In September of 1987 near the historic San Fernando Mission in Los Angeles, Pope John Paul II held his first face-to-face meeting with the entire U.S. hierarchy. He dealt bluntly with the “selective” dissent of many American Catholics over church teachings on sexual policies, women’s equality and church authority.
One nationwide poll had found that U.S. Catholics by a ten-to-one margin believed they could disagree with the church and still be considered loyal followers. But the pope, then nine years into his papacy, told the 300 bishops that such dissent was “a grave error” that challenged the teaching authority of bishops and the Vatican alike.
The Polish pontiff reiterated his opposition to ordination of women, divorce and remarriage, abortion and homosexual behavior. Yet he did not prescribe penalties for disobedient Catholics. He urged bishops to “attract assent” through education and a new effort at evangelization “directed to the mind.”
Even if John Paul himself did not make those issues go away for U.S. Catholics, he often pushed them to the back burner by his charisma and dynamism. Using television and his travels to endear himself to the world, the multilingual “people’s pope” consistently opposed communism and war, defended the poor and displaced, and opened new interfaith doors, including the start of diplomatic relations with Israel.
By the time of his April 2 death at his Vatican apartment, the 84-year-old leader of the world’s 1 billion Catholics had won lasting admiration for his service through pain, weakened as he was for more than a decade by Parkinson’s disease. The pope will be remembered “as one of the most courageous spiritual leaders of our time,” said Samuel Kobia, an African and Methodist who is general secretary of the World Council of Churches.
After several days of mourning, a Vatican conclave of 117 cardinals, all but three of whom were appointed by John Paul II, will choose a successor. While observers debated whether the new pope will play an “interim” role, and whether he will be from Italy rather than the developing world, most were at least certain that he would be a theological and moral conservative.
Will the next pope be as determined to centralize authority at the Vatican as John Paul was? That was an issue for some U.S. bishops back in 1987. Cardinal Joseph Bernardin of Chicago, one of four archbishops to describe the “anxiety” and “pain” of American Catholics, had emphasized to John Paul that the pope and bishops must cooperate closely in carrying out their “distinct but complementary responsibilities” and to “be able to speak with one another in complete candor, without fear.”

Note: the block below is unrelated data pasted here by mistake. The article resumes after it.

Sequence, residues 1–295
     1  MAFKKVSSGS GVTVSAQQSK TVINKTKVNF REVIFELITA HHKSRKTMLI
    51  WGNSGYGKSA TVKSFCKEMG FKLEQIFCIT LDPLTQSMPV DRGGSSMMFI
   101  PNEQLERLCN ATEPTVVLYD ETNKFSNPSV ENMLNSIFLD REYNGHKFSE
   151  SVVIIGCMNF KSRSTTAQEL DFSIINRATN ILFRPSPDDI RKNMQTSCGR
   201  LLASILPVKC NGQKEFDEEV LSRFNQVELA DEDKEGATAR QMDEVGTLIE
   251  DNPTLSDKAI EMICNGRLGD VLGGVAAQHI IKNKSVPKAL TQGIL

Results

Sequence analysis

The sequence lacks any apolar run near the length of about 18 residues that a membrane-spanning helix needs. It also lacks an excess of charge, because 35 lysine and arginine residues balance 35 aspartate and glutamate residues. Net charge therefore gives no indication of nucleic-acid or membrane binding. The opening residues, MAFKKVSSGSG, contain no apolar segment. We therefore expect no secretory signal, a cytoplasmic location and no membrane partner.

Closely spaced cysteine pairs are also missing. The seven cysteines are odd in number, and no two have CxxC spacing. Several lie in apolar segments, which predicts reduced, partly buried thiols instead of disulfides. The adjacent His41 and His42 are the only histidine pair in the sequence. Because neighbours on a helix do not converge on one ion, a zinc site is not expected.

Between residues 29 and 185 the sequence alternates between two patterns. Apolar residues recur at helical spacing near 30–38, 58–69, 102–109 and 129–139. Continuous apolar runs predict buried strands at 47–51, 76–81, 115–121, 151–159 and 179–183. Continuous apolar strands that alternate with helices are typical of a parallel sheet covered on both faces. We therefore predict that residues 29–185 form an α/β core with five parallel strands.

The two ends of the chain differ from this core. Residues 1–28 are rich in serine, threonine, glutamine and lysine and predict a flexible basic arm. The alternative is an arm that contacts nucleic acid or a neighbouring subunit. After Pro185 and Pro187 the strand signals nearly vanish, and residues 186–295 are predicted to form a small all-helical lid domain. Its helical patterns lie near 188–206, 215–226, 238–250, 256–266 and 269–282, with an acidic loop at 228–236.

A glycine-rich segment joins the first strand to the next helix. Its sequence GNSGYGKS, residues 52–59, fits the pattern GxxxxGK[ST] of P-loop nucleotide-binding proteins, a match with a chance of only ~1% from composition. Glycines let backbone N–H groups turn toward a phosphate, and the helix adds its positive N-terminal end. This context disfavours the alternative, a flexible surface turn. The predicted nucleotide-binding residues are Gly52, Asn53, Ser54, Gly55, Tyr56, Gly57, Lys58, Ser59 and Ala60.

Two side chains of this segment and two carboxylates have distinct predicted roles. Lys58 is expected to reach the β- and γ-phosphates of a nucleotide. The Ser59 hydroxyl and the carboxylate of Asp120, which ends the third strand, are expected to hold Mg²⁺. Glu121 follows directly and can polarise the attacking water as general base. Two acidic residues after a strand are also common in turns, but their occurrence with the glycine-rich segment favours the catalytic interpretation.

That feeling may be just as true today. “However loyal cardinals may be to the pope who created them, they are liberated by his death, free to make a fresh start,” said the late Peter Hebblethwaite, the longtime Vatican correspondent and author, when contemplating this inevitable conclave. The cardinals “do not necessarily vote for someone in the same mold.”
Another reporter-author, David Gibson, writing recently for Beliefnet.com and Religion News Service, suggested that “trumping all issues” during the closed meeting will be a debate over increasing centralization of papal authority.
“Enforcing liturgical rules, disciplining theologians or reviewing diocesan finances are among the oft-cited examples of this style,” Gibson said, adding that the papacy was also centralized by John Paul’s charisma. “Through his travels and his actor’s gift for communicating, John Paul—and the papacy—became identified with ‘the church,’ a tendency that cardinals on all sides have grown weary of.”
Gibson said that many hope the next pope “will allow the bishops to operate—even experiment—more freely according to their own needs,” such as using lay preachers in limited circumstances in Switzerland and applying specific rules on sexual abuse for the U.S. church. “German Cardinal Walter Kasper, a member of the Vatican bureaucracy, is in favor of a more ‘collegial’ approach—that is, one that fosters dialogue and collaboration with Rome.”
Sociologist-priest Andrew Greeley, also writing for Beliefnet, opined that the “next pope, who may well be chosen because he is seen as a ‘healer,’ will have a very difficult time and will risk being torn apart by the centripetal energies in the church.”